There is, from all available experience, some undefinable, nebulous boundary for all the mass consumed arts, beyond which the degeneration of art form into something less joyful (joy does not always accrue from happiness, beauty or decency. Agony and pain can also be redemptive enough to be a source of artistic joy) starts. Extravagance of spectacle is a value in itself but not beyond a point where it loses the beating heat of communicating joy. A provocative over-emphasis on grotesque, spectacular and excessive is needed to make an artistic statement forcefully. Sex, violence, ugliness or sheer breath-taking beauty have been used to jolt the audience form inertia of habitual numb unaroused state and prep them up to imbibe the joy being presented. These tropes, these moments become the signpost or thumbnail for the work of art. “Felliniesque” became a well-established adjective not because of its timidness but because of its almost obscene bravado.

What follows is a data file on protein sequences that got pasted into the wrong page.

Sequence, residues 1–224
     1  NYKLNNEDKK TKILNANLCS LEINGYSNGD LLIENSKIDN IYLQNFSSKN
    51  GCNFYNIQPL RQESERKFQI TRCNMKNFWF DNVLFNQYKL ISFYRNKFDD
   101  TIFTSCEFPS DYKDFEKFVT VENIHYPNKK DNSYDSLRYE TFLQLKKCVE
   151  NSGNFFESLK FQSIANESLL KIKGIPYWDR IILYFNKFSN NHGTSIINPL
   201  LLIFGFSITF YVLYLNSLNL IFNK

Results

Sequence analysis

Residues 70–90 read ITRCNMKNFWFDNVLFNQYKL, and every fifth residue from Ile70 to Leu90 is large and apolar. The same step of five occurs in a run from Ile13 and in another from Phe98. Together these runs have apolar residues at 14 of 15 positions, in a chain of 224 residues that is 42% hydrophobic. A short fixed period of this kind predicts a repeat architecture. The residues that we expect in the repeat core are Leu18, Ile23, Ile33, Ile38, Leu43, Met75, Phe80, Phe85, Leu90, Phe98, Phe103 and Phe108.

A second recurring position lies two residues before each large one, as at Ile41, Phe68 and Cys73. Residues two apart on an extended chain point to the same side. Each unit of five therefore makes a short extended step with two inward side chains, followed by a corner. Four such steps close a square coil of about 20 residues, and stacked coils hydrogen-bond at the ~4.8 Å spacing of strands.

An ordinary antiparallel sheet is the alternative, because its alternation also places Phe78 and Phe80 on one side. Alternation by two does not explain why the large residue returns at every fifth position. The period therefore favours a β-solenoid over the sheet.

Federico Fellini the Italian Maestro, created a style unique to him and created a repertoire of pure magic in his realized works like La Strada (1954), Nights of Cabiria (1957), "La Dolce Vita" (1960), "8 1/2" (1963), "Juliet of the Spirits" (1965) and to a certain extent, "Amarcord" (1974). He won multiple Oscars for his films. These supreme masterpieces bear testimony to Fellini’s raw talent, his mastery over the medium of cinema. He could create, and more importantly, communicate the most esoteric and opaque recesses of human soul visually. He brought alive, guilt, ennui, lust, ugly darkness of human existence alive very vividly and viscerally on screen. Communication, the key ingredient of artistic appeal was intact and Fellini, like an orchestra conductor, took his audience to the depths and peaks of joy and sorrow and gave them not only a peek but a front row seat to the dark abyss of despair and boredom in the most enthrallingly vivacious manner. His provocative use of imagery was serving its purpose by accentuating the joy, message and purpose of the great movies. It was establishing a brand too. Not for nothing Marcello Mastroianni and Anita Ekberg frolicking in Trevi Fountain in Rome is such an iconic image from La Dolce Vita. Excess creates personality and brand. Art itself is defines as ‘sweet excesses.’ Qualification of excess as ‘sweet’ is telling.